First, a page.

And if you end with this as the storyline of he’s done everything he can, but he can’t make it work and she’s going to go off and have this life, I’m okay with that as an ending, but I don’t feel like they. Filled this ending with enough emotional resonance to make it really feel like something. It just felt like, oh, for some reason they didn’t want to have the daughter in the buffer anymore and they’re getting her out of the show.
That’s the way it felt to me too. It felt like we got to get this kid out of here because there’s other stuff we want to do. So let’s just, okay, let’s just write her off in this episode. Let’s get rid of her. Yeah. So it’s, it did feel, it felt like they were rushing it for some other reason. Yeah.
And I will say when you have a bottle episode.
Bottle episodes very often, you know, you can tell it’s a bottle episode. We had that with Enterprise in particular, where it’d be like, Oh, they can’t get out of this corridor. And like, Oh, clearly trying to cut down on costs by like, Everybody get in the corridor. Nobody leave this corridor. There are bottle episodes, and then there are bottle episodes.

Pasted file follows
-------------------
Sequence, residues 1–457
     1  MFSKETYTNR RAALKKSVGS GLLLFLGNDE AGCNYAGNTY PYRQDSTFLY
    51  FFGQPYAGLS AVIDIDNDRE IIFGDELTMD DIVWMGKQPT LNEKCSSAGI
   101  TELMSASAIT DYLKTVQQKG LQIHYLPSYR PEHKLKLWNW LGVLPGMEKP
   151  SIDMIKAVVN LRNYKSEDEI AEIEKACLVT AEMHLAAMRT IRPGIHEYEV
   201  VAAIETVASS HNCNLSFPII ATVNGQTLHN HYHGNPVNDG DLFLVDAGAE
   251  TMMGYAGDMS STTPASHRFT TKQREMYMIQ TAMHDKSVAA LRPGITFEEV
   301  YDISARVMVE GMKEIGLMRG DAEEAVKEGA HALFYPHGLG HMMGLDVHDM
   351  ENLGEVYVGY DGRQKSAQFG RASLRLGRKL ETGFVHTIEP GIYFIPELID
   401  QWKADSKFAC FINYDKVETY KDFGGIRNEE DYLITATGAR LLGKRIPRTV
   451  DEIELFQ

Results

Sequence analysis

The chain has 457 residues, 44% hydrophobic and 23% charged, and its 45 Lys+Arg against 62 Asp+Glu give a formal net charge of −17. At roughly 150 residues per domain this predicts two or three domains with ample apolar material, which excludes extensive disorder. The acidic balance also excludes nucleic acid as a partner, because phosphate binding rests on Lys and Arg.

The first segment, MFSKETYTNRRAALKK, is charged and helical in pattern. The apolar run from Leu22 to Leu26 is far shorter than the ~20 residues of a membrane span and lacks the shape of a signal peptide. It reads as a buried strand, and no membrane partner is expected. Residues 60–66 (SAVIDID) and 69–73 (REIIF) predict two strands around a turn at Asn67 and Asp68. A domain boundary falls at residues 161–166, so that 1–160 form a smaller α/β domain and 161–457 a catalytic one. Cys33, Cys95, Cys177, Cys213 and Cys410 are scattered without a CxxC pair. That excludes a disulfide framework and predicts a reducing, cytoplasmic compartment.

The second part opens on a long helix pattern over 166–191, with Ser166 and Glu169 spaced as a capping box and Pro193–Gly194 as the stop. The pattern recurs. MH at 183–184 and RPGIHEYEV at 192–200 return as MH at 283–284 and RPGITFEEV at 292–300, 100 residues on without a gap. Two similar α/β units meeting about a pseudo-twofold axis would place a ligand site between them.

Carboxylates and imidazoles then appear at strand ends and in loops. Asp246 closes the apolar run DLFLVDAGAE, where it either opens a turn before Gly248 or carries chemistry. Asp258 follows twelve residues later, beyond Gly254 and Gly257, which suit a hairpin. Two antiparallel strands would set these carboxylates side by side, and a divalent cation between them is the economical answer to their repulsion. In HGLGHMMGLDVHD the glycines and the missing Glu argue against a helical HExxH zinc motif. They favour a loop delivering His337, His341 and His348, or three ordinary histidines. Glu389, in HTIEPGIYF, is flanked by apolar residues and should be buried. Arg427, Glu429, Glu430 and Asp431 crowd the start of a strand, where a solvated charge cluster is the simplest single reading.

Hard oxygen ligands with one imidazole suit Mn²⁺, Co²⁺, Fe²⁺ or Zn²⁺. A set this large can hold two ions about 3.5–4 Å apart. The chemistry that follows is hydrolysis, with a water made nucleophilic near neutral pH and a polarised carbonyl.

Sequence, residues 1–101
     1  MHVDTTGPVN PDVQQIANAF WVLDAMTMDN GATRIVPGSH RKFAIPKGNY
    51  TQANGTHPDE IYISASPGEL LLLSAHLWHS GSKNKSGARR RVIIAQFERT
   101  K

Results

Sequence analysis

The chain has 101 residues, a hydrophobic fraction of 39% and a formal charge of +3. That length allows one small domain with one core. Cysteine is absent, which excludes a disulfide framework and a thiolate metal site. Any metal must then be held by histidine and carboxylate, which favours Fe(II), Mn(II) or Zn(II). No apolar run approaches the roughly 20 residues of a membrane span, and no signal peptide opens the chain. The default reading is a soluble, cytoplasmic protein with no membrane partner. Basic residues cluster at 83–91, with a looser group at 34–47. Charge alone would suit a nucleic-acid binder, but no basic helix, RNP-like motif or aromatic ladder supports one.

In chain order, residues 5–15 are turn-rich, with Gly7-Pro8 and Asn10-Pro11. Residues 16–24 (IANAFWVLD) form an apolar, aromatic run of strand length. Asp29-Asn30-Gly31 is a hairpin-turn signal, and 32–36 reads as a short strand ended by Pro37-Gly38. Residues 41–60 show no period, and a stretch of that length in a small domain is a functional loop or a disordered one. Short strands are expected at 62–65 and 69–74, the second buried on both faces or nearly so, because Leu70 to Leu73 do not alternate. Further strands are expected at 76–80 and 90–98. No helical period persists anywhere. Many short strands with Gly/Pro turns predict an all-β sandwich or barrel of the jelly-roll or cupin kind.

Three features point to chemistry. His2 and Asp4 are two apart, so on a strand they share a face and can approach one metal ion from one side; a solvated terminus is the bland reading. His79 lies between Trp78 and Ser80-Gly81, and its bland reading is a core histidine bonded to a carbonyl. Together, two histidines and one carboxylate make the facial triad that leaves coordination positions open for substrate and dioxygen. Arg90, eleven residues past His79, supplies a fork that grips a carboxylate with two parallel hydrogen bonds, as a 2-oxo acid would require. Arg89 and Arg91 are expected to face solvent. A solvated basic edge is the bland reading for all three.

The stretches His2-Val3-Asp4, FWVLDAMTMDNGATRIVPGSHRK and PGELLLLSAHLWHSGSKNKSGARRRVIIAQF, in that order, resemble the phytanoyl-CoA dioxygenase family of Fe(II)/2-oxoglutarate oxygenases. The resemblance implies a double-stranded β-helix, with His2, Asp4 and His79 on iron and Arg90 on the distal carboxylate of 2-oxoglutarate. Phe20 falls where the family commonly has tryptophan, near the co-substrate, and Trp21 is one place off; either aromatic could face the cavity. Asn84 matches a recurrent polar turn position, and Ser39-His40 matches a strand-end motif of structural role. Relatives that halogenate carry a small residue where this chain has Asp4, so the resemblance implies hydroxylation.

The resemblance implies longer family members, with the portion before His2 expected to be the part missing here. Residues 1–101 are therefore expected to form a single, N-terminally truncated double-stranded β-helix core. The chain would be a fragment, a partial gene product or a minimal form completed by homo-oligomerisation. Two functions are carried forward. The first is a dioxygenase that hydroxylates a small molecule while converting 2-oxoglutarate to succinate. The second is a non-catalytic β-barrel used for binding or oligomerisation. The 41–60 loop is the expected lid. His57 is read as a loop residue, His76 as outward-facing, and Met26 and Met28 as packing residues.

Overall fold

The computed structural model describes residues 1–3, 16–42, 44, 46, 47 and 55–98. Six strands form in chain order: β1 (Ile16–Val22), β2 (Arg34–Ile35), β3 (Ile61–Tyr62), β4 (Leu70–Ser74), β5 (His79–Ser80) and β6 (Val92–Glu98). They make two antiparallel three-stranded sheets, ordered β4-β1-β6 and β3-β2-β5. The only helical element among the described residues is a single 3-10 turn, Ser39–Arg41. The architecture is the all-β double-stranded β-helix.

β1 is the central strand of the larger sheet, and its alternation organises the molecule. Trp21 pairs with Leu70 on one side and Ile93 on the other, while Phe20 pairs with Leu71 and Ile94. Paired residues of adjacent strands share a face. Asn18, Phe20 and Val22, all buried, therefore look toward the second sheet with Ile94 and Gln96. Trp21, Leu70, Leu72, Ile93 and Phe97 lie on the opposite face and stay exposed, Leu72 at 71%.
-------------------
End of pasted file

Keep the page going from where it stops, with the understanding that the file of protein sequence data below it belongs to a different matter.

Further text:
I think this does a good job of Masking the fact that it effectively is a bottle episode. The only special effects that you really have are around Shots when people look out the windows, like, oh yeah, there’s a huge,
there’s inconsistencies there. They’re near this
cloud. The fact that it changes color all the time and it’s never quite the same shape.
On the set, to save special effects money, some of the sets have, um, actual gigantic screens that are projected. Yeah. And like in the, I think it’s in the captain’s ready room or something like that. There’s like a star field moving and it was like literally the scene before there’s motionless in a nebula and then they go into this room and it looks like they’re in like impersonation drive kind of.
Right. It’s like, wait, what, what is going on here? It was like, cause that’s the only animation they had when they pushed the button or something. It’s right. It was a little weird.
Maybe it was supposed to be his screensaver.